When used in contractions, the apostrophe is used in place of letters. This function is straightforward in most cases. The words not, will, is, am, are, and have are respectively contracted as n’t, ’ll, ’s, ’m, ’re, and ’ve. Some contractions are used for multiple words. For example, an apostrophe followed by the letter D is short for would, did, and had. The apostrophe S is less frequently used as a contraction for the words ‘does’ and ‘has.’
Pluralizing Numbers, Letters, and Symbols
Oftentimes, the only reason to use an apostrophe with an S is if not using it would result in misinterpretation. For example, if you use an S to pluralize another letter, it’s preferable to leave out the apostrophe. In the expression, “Mind your Ps and Qs,” it’s not necessary to use apostrophes because there’s no mistaking “Ps and Qs” for two-letter words. Consider the next sentence; “U’s are often used after Qs.” The apostrophe is needed after the letter U - otherwise the sentence might be misread as “Us are often used.”
If an S is used to pluralize numbers (i.e. the 2000s) or symbols (%s), no apostrophe is needed because there is no mistaking the meaning without one. To show you some examples of incorrect use, I’ve provided a scanned image of a music CD cover in my collection. In both instances (“the number one’s” and "#1’s") the apostrophe is unnecessary. A good general rule is to check and see if an apostrophe is required for clarity before adding one.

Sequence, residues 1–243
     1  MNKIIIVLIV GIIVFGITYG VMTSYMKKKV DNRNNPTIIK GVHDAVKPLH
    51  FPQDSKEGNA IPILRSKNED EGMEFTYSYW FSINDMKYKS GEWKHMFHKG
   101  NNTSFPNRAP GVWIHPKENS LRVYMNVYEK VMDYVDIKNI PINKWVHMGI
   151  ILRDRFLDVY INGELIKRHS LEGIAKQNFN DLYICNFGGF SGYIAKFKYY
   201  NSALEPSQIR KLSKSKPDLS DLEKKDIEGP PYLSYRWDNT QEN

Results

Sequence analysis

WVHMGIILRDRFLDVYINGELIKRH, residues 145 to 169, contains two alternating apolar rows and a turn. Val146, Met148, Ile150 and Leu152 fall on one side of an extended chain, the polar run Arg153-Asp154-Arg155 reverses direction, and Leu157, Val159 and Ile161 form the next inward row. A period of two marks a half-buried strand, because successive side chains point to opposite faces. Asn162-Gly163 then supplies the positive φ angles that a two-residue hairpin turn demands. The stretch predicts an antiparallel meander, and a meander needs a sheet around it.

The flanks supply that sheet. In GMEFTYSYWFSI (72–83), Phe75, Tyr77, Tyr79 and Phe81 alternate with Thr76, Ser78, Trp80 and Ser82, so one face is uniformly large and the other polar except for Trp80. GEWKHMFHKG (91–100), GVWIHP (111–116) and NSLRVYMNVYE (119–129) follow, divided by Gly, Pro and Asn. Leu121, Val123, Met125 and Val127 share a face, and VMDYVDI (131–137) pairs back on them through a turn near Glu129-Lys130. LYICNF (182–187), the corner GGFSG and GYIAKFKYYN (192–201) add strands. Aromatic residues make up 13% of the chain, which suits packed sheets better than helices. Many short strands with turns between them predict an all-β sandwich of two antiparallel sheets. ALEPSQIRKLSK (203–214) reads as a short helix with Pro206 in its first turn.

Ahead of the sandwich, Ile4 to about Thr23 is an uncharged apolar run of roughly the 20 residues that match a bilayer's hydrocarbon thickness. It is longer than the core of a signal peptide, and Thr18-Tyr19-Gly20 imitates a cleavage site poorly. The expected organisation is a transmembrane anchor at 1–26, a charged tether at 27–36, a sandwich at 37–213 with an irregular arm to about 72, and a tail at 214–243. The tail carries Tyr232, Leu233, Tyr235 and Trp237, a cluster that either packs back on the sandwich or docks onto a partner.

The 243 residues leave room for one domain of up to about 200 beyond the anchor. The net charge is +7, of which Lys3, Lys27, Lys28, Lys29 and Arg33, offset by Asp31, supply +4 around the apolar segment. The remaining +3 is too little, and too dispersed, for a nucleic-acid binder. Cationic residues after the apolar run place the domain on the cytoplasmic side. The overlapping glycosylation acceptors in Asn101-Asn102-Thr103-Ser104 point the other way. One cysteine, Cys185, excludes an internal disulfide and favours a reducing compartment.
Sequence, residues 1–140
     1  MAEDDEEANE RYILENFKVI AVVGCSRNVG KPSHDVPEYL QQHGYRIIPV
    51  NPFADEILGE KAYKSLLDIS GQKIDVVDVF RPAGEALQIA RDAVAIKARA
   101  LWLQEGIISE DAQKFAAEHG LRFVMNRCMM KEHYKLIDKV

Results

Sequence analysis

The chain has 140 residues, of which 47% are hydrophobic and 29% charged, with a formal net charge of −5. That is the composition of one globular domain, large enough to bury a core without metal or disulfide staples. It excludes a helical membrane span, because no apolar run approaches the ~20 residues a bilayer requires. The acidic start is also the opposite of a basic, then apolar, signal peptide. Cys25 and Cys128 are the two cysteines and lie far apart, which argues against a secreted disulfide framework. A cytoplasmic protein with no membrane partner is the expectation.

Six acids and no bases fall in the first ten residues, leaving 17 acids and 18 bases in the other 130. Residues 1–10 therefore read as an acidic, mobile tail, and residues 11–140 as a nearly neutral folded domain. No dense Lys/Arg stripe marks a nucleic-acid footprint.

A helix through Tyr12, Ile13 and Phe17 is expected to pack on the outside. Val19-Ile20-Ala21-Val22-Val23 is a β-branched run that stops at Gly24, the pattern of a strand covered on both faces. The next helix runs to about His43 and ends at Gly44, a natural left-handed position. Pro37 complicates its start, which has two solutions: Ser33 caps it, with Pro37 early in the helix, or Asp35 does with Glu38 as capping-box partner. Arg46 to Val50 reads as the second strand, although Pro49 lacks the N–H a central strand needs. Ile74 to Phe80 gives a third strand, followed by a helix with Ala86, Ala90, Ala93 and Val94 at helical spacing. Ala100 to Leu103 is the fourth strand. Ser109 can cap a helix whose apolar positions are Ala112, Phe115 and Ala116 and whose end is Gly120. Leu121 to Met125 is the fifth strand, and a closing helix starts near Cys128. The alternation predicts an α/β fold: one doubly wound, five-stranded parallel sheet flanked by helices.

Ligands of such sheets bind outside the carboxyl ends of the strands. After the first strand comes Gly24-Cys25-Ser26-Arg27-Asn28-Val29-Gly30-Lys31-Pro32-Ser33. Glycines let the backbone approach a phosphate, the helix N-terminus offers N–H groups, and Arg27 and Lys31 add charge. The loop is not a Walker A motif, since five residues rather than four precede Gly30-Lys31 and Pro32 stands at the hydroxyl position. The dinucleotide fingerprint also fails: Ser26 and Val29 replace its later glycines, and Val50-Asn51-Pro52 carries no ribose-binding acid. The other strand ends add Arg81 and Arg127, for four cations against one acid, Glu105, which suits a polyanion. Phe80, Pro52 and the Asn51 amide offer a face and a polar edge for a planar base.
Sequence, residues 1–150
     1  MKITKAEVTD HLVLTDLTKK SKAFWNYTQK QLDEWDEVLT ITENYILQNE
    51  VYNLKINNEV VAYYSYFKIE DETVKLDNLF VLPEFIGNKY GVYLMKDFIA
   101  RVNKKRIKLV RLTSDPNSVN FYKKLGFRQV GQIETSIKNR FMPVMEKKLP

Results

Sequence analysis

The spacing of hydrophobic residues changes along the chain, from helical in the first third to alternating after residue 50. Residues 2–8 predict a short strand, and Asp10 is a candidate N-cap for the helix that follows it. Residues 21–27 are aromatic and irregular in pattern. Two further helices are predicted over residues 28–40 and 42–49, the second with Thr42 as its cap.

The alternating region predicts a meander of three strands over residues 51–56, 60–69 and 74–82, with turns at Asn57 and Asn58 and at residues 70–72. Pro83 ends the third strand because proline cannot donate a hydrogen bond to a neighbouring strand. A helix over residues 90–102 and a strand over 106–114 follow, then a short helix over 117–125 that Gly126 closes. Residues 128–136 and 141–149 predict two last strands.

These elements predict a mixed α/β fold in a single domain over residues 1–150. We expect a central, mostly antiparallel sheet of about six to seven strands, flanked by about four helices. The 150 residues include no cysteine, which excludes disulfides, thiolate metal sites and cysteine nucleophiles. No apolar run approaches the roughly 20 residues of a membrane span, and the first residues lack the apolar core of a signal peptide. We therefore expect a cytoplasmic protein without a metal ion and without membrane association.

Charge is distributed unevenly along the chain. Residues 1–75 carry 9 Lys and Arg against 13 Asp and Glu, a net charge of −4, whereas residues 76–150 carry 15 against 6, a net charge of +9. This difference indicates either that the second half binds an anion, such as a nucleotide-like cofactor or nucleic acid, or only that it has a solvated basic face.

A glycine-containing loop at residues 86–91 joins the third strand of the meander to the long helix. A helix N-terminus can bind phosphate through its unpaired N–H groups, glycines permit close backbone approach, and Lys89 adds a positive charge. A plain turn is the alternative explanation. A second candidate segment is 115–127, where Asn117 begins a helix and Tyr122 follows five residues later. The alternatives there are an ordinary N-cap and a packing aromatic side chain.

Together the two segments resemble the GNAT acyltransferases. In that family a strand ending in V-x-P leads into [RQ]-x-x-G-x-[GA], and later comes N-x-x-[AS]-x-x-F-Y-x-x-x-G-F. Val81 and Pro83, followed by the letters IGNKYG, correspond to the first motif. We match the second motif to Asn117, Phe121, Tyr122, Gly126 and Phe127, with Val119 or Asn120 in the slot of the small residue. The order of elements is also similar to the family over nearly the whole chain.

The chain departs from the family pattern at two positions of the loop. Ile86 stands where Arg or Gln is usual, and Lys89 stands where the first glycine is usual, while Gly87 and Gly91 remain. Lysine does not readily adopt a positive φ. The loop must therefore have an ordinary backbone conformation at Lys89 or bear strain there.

Rules for possessive apostrophe usage begin with adding an apostrophe S to the end of a name (Mary’s) or a noun (publisher’s) if you want to indicate possession of some object or quality (i.e. Mary’s desktop; publisher’s article). There are, of course, a number of exceptions to this rule. The problem lies with the fact that both the apostrophe and the letter S have grammatical functions independent of each other, and context often causes their usage rules to conflict.
When the letter S occurs naturally at the end of a word (such as “bass,”) using apostrophe S is correct (i.e. the bass’s rhythm). If the letter S is used to form a plural noun, add only an apostrophe after the S which forms the plural to indicate possession (i.e. the kids’ toys as opposed to the kids’s toys.) In cases where pronunciation becomes awkward by adding another S, adding just an apostrophe to the end of the word is required (i.e. for goodness’ sake vs. goodness’s sake). If it doesn’t sound right, it’s better to leave out the S.
Separate vs. Joint Possesion
In the case where more than one noun or proper name is used, the first noun doesn’t require the use of apostrophe S if joint possession is indicated. We can safely assume in the sentence “Jill and Jack’s dogs attacked the mailman,” that the dogs are owned by both Jack and Jill, as opposed to interpreting the sentence as, “Jack’s dogs and Jill attacked the mailman.” If the phrase is changed to “Jill’s and Jack’s dogs,” it implies that Jill and Jack do not own the dogs together. Rather, they own separate (but equally bad) dogs.
Its vs. It’s
Here is another instance where conflicting rules require an exception. Just remember, always, that “It’s” is a contraction (i.e. “it’s raining, it’s pouring.”) When the word it is used in a possessive sense, add an S, but don’t add an apostrophe. To put this in context, if you’re writing about the proper use of a semicolon, you might say “its purpose is to separate items that contain commas.” You wouldn’t use the phrase “it’s purpose,” even though the purpose is the semicolon’s (its) possession. To use an apostrophe would be to imply “it is purpose is to separate,” which is obviously incorrect.
With this understanding, you can now be sure of when to use an apostrophe (as well as when not to).